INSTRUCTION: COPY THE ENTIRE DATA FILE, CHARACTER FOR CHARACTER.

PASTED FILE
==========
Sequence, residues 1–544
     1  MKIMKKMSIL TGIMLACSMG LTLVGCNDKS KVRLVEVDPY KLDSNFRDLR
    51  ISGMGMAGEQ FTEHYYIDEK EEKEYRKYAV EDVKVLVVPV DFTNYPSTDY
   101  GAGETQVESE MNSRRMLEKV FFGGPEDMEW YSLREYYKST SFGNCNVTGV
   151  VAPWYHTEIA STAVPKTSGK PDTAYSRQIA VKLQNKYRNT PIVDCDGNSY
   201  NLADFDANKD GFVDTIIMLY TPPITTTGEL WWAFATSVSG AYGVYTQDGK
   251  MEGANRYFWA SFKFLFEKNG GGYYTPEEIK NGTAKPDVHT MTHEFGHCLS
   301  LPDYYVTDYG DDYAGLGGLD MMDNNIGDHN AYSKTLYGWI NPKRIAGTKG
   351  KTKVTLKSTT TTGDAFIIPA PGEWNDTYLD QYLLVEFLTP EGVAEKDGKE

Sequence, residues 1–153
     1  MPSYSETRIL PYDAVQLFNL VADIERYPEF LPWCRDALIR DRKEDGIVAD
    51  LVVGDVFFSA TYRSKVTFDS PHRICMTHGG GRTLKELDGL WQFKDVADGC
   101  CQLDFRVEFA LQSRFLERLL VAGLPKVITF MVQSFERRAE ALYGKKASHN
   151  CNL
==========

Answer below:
Sequence, residues 1–544
     1  MKIMKKMSIL TGIMLACSMG LTLVGCNDKS KVRLVEVDPY KLDSNFRDLR
    51  ISGMGMAGEQ FTEHYYIDEK EEKEYRKYAV EDVKVLVVPV DFTNYPSTDY
   101  GAGETQVESE MNSRRMLEKV FFGGPEDMEW YSLREYYKST SFGNCNVTGV
   151  VAPWYHTEIA STAVPKTSGK PDTAYSRQIA VKLQNKYRNT PIVDCDGNSY
   201  NLADFDANKD GFVDTIIMLY TPPITTTGEL WWAFATSVSG AYGVYTQDGK
   251  MEGANRYFWA SFKFLFEKNG GGYYTPEEIK NGTAKPDVHT MTHEFGHCLS
   301  LPDYYVTDYG DDYAGLGGLD MMDNNIGDHN AYSKTLYGWI NPKRIAGTKG
   351  KTKVTLKSTT TTGDAFIIPA PGEWNDTYLD QYLLVEFLTP EGVAEKDGKE

Sequence, residues 1–153
     1  MPSYSETRIL PYDAVQLFNL VADIERYPEF LPWCRDALIR DRKEDGIVAD
    51  LVVGDVFFSA TYRSKVTFDS PHRICMTHGG GRTLKELDGL WQFKDVADGC
   101  CQLDFRVEFA LQSRFLERLL VAGLPKVITF MVQSFERRAE ALYGKKASHN
   151  CNL